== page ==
How to Pay for Long-Term Care
Long-term care can be expensive. According to a survey by insurance company Genworth, the price tag can be upwards of $9,000 a month for a private room. Estate planning attorney Marisol Goodman tells Solace Cremation that “folks have that sticker shock of, ‘Oh, my! My care is going to cost 10 grand a month,’”
While you or a loved one may not need this type of care now, Genworth, quoting federal statistics, says 7 out of 10 people will require long-term care in their lifetime.
Goodman says one challenge is that many people imagine that they’ll be independent and healthy until they pass away in their sleep, but that’s not usually the case. “For the majority of folks, death is not like that,” Goodman said.
What’s more common, she says, is for the person to have various “precipitating events” in the last years of their life. “They recover – but not completely and eventually we reach a threshold that is acceptable or unacceptable.” It varies for each person, she says and that’s why she encourages families to talk about choices and values as they plan together for long-term care.
So, how can older Americans pay for long-term care?
Goodman says some may choose to pay out-of-pocket for their care if they have the income and assets. She advises clients that they need to plan for five years of care if they go this route and have the resources to do so.
Some people opt to purchase long-term care insurance, usually most affordable if purchased well before it is needed. Goodman says that’s usually when people are in their thirties or forties.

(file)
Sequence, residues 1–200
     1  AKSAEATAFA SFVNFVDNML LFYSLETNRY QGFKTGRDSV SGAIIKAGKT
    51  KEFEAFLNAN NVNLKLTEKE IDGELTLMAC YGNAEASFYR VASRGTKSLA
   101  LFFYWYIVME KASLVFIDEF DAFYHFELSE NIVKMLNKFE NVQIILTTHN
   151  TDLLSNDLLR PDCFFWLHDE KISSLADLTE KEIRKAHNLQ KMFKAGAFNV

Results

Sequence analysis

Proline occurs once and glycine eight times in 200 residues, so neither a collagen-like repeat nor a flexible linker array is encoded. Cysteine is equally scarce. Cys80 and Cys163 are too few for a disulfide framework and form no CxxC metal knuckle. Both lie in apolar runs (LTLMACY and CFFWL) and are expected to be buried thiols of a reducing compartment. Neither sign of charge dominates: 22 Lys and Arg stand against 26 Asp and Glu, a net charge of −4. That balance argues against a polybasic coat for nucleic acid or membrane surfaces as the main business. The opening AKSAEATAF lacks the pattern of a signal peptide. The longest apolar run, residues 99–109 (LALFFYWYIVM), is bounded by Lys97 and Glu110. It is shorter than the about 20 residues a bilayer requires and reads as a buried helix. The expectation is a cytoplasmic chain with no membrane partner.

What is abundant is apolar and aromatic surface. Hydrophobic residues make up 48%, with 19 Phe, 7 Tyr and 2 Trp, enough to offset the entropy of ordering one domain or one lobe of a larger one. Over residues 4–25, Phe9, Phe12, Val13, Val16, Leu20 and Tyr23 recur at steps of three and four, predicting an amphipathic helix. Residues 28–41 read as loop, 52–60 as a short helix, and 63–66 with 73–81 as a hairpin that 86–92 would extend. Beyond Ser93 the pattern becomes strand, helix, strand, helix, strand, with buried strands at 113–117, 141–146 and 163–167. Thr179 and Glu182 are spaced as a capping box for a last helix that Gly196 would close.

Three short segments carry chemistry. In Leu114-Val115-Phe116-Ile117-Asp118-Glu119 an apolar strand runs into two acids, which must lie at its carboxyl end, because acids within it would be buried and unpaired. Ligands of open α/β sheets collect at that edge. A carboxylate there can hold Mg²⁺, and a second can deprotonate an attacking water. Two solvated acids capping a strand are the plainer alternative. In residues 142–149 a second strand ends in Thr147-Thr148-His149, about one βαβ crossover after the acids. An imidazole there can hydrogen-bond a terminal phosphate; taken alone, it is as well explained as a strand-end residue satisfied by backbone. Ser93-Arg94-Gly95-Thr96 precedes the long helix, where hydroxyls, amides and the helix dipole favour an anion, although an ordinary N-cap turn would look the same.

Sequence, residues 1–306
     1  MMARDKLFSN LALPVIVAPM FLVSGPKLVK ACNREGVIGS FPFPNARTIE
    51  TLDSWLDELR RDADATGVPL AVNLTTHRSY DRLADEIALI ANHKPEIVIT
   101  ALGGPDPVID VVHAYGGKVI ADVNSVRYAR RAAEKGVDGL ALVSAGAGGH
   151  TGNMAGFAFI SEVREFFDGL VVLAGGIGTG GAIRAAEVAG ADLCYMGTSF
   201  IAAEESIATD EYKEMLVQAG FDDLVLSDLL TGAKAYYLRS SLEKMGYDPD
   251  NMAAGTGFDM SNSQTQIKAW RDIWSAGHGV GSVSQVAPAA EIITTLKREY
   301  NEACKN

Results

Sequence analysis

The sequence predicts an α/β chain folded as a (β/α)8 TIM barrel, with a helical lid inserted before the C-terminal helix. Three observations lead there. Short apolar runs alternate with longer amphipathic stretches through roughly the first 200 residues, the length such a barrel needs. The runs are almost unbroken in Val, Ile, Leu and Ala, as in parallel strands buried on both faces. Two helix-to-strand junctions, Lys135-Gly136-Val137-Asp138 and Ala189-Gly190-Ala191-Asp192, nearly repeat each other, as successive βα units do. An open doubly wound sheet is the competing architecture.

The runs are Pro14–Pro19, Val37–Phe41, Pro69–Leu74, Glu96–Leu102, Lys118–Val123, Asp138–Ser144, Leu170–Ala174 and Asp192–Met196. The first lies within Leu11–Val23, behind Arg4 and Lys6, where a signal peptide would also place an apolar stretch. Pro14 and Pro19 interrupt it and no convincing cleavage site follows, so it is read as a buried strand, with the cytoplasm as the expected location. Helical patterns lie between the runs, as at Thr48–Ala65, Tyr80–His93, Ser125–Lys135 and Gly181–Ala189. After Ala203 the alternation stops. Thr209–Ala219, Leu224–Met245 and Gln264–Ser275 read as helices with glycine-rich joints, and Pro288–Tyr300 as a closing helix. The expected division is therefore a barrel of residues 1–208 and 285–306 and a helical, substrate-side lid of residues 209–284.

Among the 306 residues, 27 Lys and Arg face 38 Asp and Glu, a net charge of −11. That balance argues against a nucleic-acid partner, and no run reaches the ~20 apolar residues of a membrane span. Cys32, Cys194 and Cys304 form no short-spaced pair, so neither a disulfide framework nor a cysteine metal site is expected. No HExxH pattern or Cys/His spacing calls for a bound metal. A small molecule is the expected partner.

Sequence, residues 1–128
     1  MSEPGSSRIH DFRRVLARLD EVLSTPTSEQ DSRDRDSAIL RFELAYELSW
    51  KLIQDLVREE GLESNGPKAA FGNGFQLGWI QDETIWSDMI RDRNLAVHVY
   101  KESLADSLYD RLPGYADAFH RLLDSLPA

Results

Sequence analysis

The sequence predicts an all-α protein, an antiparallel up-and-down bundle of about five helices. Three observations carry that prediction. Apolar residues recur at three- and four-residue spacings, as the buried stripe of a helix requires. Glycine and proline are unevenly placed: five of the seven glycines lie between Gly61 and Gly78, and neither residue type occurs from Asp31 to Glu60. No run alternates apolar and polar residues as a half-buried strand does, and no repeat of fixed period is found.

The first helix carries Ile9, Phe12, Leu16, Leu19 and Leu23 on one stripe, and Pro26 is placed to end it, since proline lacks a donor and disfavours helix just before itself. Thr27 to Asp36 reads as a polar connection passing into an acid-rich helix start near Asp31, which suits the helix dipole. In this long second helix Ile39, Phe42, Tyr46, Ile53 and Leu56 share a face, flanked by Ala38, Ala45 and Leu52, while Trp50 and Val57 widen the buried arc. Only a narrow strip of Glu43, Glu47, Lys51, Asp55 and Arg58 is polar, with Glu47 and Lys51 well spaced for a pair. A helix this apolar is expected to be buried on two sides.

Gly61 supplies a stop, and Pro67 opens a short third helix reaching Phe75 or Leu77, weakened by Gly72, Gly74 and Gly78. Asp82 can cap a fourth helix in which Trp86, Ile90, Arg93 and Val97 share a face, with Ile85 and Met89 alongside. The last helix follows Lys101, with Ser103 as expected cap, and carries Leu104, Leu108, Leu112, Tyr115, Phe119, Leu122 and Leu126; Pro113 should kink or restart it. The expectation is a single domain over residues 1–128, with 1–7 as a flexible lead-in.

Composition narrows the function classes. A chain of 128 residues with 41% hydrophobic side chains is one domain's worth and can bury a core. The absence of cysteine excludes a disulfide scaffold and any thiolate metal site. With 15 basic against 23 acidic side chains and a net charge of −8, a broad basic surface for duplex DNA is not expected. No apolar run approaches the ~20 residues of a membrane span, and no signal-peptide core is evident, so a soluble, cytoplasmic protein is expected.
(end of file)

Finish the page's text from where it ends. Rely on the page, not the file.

Veterans may be eligible for long-term programs through the U.S. Department of Veterans Affairs.
But the largest single funding source for long-term care is Medicaid, the joint federal and state program that covers low-income Americans. More than 84 million Americans are currently enrolled.
Medicaid should not be confused with Medicare. Medicare is the federal health insurance program for people over 65 and is based on age, not income. It covers things like inpatient hospital care and hospice, but it does not cover long-term care.
Medicaid has income limits that vary state by state, but typically those seniors who want to enroll need to first exhaust savings and other assets (beyond their home and vehicle) before becoming eligible.
According to AARP, experts say a common mistake is to “spend down” assets and income to qualify for Medicaid without a plan. Many states have a five-year lookback period that they’ll review to prevent fraud, so keeping records is very important.
Because the rules and strategies can be complex, many seek out the help of an attorney or a professional Medicaid planner to reduce income and assets to become eligible for assistance. Some Medicaid planners are free and some charge hundreds of dollars. The American Council on Aging is one resource for finding a Medicaid planner and weighing the differences between various available options. The website also has an eligibility calculator.
There are several kinds of attorneys, each with a different specialization that can help with end-of-life issues. Some focus on estate planning and administration for all ages, like Goodman, some specialize on Medicaid eligibility, and others specialize on the legal rights of elders (protection from abuse, preserving assets, ensuring access to medical care or helping family members navigate the court system for when they need others to make decisions for them), usually an elder law attorney.
Goodman says that many people make elaborate plans for the birth of a child and their first five years. “We make this beautiful birthing plan of how someone enters the world … We do not make the same plan for how we exit this world,” she says.
“Start having real conversations,” Goodman urges. “Imagine that in reverse.” She recommends visiting assisted living and rehabilitation facilities before you need them.
While thinking about the future might be daunting, by planning ahead, you and your family will be better able to navigate the complexities of paying for long-term care.